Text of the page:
In an age when popular culture would have us believe that anything before DVDs is ancient history, that it’s only other people who have a cultural heritage, and that its more important to be outrageous, ground-breaking and cool, than considerate, accomplished or gentle, many are discovering the satisfaction that can be had by better understanding the past and bring forward from it elements that appeal. In this regard, the age of Jane Austen has proved particularly attractive to modern day young men and women. Whereas the fashions of the 18th century and late 19th century might seem weird or cruel, those high-waisted gowns and squire-like tails from the first decades of the 19th century seem romantic. Where the social order of the 18th century seems alien, and that of the late 19th century torn sooted by the industrial revolution, that of the first decades of Jane Austen’s age seem more egalitarian. Where the dancing of the 18th century is imagined to be all courtly and stiff, and that of the late 19th century all black-tie and formal, that of the Jane’s day seems plain fun. The age’s accessibility is further enhanced of course by the themes, characters, plots and good humour of Jane Austen’s novels and by the many engaging recent screen adaptations of those novels.
Perhaps we might demonstrate the attraction of the Festival by turning to just one element of it. One of the main interests of Jane Austen’s day, and indeed of Jane Austen herself, was dancing, and dance workshops and balls fill the dance hall all day on Friday and Saturday of the Festival, there is a grand Jane Austen Ball on Saturday night and an afternoon Cotillion Ball on Sunday. Dance teacher and historian Dr John Gardiner-Garden make joining in and learning easy and fun, and people soon realise why it is observed in Pride and Prejudice, that ‘To be fond of dancing was a certain step towards falling in love’ and ‘There is nothing like dancing after all. -- I consider it as one of the first refinements of polished societies’. Participants start to understand why Austen novels why it is noted in Persuasion ‘thirteen winters’ revolving frosts had seen her opening every ball of credit which a scanty neighborhood afforded’, why in Mansfield Park Fanny ‘found herself the next moment conducted by Mr. Crawford to the top of the room, and standing there to be joined by the rest of the dancers, couple after couple, as they were formed’, and why Northanger Abbey Catherine Morland's clever dance partner Mr Tilney says: ‘I consider a country-dance as an emblem of marriage. Fidelity and complaisance are the principle duties of both; and those men who do not chuse to dance or marry themselves, have no business with the partners or wives of their neighbours’ and why when this comparison is challenged on the grounds that ‘people that marry can never part, but must go and keep house together’ but ‘People that dance, only stand opposite each other in a long room for half an hour’, he goes on to argue:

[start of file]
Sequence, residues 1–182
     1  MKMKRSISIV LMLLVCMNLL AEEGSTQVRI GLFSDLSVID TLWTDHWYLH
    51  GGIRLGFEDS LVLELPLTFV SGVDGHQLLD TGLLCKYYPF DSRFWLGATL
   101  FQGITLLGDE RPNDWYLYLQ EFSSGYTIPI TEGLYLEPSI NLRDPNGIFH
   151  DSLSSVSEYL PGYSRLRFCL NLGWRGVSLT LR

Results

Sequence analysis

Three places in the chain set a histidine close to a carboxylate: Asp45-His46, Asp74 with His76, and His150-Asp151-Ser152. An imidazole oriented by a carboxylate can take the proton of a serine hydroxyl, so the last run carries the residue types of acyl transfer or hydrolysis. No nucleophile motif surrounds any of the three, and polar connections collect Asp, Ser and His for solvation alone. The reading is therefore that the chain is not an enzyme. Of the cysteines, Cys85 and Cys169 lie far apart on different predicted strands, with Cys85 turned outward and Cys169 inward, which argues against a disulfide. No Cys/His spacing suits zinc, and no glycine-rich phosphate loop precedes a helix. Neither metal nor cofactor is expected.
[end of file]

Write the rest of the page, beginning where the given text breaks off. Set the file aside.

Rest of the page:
‘You will allow, that in both, man has the advantage of choice, woman only the power of refusal; that in both, it is an engagement between man and woman, formed for the advantage of each; and that when once entered into, they belong exclusively to each other till the moment of its dissolution; that it is their duty, each to endeavour to give the other no cause for wishing that he or she had bestowed themselves elsewhere, and their best interest to keep their own imaginations from wandering towards the perfections of their neighbours, or fancying that they should have been better off with anyone else.’
Participants in the Jane Austen Festival dance workshops and balls start to appreciate why in Emma the heroine expected to open the ball but ‘must submit to stand second to’ [the newly-wed] ‘Mrs. Elton, though she had always considered the ball as peculiarly for her’ and why ‘It was almost enough to make her think of marrying’. Indeed, invariably these workshops, balls, and indeed our Festival end with people wanting more, for as is also remarked in Emma:
‘It may be possible to do without dancing entirely. Instances have been known of young people passing many, many months successively without being at any ball of any description, and no material injury accrue either to body or mind; - but when a beginning is made - when the felicities of rapid motion have once been, though slightly, felt - it must be a very heavy set that does not ask for more.’